Last week I partook in a two-da symposium regarding suicide prevention. I share only important conclusions with you which stood out to me. From research by the Dutch professor Ad Kerkhof, it has shown that people in suicide tend not to have death as their goal. Continue reading.
When studying why someone tried to commit suicide, 2 surprising main reasons were found:
- 78% of the people who attempted suicide gave the reason that "The situation was so unbearable that I did not know what else to do."
- 55% of those who attempted suicide stated the reason: "My thoughts were so awful that I wanted to get rid of the thoughts."
This conclusion gives hope because it clearly shows that the main goal was not to be dead. On the contrary, the victims either wanted to get out of a difficult situation or get rid of the thoughts which kept running through their heads. The stress which causes worrying, makes them feel hopeless. Worrying kills! This is good news because both self-help programs and guidance can help people to stop their worrying or negative thoughts, or to deal with difficult situations in a different way. This way you treat the worrying which causes the unbearable tension and stress which leads to deeds done out of hopelessness. In the self-help program 15 Minutes 4 Me, the most useful intervention which we teach people has shown to be the anti-worrying exercise. The anti-worrying exercise helps to stop the worrying which causes the unbearable stress.
[caption id="attachment_90" align="alignleft" width="150"] Aaron Beck, MD[/caption]
In the second place follows the use in the program of principles from the cognitive behavioral therapy (CBT) by Aaron Beck and the ...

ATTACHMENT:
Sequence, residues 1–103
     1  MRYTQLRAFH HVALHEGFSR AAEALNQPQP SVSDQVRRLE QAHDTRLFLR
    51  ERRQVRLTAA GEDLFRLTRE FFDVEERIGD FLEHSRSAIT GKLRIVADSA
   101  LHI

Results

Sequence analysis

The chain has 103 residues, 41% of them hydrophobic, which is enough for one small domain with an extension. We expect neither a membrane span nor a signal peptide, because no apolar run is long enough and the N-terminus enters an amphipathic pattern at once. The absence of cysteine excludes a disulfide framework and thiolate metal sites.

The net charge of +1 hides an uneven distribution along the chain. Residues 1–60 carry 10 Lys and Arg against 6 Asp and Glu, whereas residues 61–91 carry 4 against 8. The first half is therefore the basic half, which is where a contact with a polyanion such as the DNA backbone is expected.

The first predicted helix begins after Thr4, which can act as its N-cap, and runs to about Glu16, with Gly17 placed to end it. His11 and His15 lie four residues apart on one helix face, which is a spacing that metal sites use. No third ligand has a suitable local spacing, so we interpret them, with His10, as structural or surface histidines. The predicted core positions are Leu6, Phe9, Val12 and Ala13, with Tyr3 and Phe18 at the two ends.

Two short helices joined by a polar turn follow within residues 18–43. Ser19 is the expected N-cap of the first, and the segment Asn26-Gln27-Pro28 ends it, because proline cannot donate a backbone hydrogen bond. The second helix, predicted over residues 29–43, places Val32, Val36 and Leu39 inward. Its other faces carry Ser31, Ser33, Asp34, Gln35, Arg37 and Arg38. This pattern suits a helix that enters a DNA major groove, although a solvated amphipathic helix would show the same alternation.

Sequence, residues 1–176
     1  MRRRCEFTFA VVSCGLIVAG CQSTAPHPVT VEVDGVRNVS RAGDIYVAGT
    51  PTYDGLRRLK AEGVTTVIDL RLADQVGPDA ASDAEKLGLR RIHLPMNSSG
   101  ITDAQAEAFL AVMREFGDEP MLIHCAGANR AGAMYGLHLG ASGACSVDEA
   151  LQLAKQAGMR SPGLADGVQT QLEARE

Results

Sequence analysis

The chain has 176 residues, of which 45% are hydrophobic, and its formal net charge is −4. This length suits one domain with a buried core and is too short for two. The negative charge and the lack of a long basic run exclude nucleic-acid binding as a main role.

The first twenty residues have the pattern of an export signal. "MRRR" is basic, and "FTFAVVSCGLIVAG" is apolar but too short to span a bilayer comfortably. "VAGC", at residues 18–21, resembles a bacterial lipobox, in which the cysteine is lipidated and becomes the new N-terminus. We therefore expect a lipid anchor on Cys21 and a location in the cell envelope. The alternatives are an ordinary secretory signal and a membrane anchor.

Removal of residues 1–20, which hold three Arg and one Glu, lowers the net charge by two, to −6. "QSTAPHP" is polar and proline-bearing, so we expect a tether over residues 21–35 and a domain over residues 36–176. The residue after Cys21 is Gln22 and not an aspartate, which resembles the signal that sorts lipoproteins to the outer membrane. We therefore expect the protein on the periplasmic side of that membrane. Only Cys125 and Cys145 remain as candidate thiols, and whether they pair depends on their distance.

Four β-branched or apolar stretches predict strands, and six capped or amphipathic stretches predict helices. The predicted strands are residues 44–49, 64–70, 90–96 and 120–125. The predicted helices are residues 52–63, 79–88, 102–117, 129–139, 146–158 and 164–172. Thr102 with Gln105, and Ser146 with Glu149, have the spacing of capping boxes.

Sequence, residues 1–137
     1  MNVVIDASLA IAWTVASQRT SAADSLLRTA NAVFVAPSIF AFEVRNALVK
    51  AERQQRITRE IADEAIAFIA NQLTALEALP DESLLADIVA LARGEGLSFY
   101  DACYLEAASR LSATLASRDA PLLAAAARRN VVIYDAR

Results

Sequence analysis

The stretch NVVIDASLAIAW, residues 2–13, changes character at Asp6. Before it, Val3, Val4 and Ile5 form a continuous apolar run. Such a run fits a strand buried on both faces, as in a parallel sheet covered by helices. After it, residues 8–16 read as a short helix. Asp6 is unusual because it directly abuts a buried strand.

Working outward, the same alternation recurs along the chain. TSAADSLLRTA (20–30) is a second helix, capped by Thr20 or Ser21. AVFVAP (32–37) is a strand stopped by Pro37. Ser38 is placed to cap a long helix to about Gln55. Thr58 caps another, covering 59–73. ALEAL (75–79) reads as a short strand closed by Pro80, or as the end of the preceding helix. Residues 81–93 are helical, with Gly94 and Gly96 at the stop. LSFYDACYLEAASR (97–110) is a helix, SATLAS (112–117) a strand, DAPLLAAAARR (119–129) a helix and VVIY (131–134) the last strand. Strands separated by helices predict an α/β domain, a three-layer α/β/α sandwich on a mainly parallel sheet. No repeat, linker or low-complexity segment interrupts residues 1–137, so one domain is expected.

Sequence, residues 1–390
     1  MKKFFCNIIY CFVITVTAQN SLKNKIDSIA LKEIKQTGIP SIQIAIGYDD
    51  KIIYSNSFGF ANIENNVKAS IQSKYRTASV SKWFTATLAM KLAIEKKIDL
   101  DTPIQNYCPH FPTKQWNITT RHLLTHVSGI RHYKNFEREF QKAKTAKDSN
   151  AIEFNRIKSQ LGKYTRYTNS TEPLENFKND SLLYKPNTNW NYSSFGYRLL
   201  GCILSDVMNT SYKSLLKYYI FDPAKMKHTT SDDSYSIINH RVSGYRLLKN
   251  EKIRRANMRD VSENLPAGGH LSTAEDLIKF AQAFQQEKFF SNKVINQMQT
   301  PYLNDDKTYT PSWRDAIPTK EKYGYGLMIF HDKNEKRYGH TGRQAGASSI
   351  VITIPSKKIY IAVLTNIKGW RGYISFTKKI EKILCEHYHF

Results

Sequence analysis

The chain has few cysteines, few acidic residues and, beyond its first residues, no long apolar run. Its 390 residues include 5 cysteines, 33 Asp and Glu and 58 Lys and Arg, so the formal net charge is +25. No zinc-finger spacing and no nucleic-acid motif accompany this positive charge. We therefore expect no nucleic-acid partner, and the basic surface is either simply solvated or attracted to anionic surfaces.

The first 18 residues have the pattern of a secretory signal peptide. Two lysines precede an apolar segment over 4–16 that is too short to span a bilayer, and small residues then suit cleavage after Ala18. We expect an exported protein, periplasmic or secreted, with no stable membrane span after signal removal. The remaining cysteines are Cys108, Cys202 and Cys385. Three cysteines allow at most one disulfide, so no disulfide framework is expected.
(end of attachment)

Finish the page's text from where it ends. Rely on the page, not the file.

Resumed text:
Rational Emotive Therapy (RET) by Albert Ellis. Both therapies are focused on learning to bend negative thoughts into positive thoughts. By changing negative or worrying thoughts, negative feelings and the tendency of destructive behavior spontaneously decreases. This handles worrying stress at the root of the problem. To learn better solution strategies to deal with stress in difficult situations, we mainly make use of principles from cognitive solution focused therapy.
The solution focused therapy by Steve De Shazer and his wife Insoo Kim Berg let the participants look for direct new and creative solutions for difficult situations which cause stress. It is a specific therapeutic method to ask focused solution focused questions which help the participants to gain new insights and to see solutions which they previously missed out on. Of course it is so that people, during a suicidal period, should always speak to their doctor in order to discuss how they can protect themselves from themselves. Self-help is good preparation preventively, but not enough during acute crisis situations. In such moments, a responsible doctor should always be contacted.
Self-test in stress
Would you like to know to what extent stress, tension, anxiety, or even depressed feelings play a role in your life? Then easily test this by taking a simple test with 21 short questions.
Paul Koeck, MD